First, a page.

"Onward, Christian Soldiers:" American Populism and the Religious Imagination in the Wake of World War I
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CitationBossen, Colin. 2018. "Onward, Christian Soldiers:" American Populism and the Religious Imagination in the Wake of World War I. Doctoral dissertation, Harvard University, Graduate School of Arts & Sciences.
Abstract“‘Onward, Christian Soldiers:’ American Populism and the Religious Imagination in the Wake of World War I” examines the relationship between the religious and political imaginations of populists in the early twentieth-century United States. In the years surrounding World War I, catastrophic violence and the perceived failures of progressivism combined to fuel social movements that predicted the present social order would be destroyed by cataclysmic events and superseded by a new social order. These movements included the radical labor union the Industrial Workers of the World (IWW), the Pan-African Universal Negro Improvement Association (UNIA), and the Protestant white supremacist organization the Ku Klux Klan. While diverse in composition and ideology, these groups relied on the same set of religious narratives, rituals, and symbols to mobilize and recruit members. The dissertation’s title highlights the movements’ shared practices. Each group sang versions of the hymn “Onward, Christian Soldiers” at political rallies that were indistinguishable from revival meetings.
The analysis is developed through the close reading of divergent texts. Placing incongruous work like white supremacist sermons, pan-African newspapers, and labor hymns alongside each other brings into focus the commonalities that compose what Charles Taylor and others have called the background, the set of assumptions that structure the human set of the possible. In the early twentieth-century the background of the United States contained many elements connected to biblical narratives and the practices of Protestant Christianity. These are highlighted through attention to categories from systematic theology like eschatology and christology. This approach reveals the religious dimensions of a supposedly anti-religious organization like the IWW, the proto-black liberation theology of UNIA, and the Klan’s connections to liberal white mainstream American Protestantism.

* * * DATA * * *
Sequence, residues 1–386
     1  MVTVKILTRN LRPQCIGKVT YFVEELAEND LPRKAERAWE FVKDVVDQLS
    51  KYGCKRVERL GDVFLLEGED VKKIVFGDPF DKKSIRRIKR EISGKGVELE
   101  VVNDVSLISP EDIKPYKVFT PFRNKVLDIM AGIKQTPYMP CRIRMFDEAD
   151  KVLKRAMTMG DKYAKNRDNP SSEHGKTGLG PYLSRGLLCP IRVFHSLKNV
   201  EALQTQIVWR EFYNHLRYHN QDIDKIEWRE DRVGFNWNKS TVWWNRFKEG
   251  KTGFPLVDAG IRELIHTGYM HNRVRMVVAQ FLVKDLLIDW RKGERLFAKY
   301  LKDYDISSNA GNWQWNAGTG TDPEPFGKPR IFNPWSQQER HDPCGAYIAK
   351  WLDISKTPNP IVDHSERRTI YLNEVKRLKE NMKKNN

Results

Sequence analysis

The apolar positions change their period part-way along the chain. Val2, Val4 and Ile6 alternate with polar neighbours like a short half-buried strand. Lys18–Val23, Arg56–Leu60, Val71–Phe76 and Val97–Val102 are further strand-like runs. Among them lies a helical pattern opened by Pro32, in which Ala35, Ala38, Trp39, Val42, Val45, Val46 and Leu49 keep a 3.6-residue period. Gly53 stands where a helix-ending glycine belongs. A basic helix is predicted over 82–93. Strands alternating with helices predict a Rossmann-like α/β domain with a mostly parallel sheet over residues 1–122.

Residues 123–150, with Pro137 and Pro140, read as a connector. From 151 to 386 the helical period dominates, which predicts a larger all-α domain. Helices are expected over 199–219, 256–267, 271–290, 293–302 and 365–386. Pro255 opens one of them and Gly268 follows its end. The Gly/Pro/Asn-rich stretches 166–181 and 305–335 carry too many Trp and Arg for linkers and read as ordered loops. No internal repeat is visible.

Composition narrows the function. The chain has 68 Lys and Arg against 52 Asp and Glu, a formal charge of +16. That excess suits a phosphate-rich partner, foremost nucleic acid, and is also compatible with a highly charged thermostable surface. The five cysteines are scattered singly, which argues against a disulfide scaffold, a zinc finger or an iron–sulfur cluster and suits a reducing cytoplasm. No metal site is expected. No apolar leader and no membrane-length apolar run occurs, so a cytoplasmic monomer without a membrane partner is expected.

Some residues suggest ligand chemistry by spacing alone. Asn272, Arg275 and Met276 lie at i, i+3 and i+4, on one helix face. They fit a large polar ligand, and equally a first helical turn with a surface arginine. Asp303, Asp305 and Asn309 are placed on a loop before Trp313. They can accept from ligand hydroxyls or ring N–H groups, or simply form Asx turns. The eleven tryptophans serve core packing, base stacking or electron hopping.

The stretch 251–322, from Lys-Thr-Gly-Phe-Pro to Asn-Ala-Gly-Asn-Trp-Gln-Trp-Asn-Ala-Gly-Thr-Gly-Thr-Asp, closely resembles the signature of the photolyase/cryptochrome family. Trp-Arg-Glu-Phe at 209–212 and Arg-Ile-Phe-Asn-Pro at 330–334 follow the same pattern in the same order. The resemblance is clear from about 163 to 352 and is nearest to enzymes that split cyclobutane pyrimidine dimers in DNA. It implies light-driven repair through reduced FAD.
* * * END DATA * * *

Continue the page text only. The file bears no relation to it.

As the first project that studies the populist movements of the early twentieth-century as a single phenomenon, “Onward, Christian Soldiers” reveals populism to be infused with religious elements. It also demonstrates that the people whom populists claim to represent are not a natural category. They are a product of the imagination that has been developed alongside the cultural, social, and legal processes used to define racial and religious groups.
Citable link to this pagehttp://nrs.harvard.edu/urn-3:HUL.InstRepos:41129129
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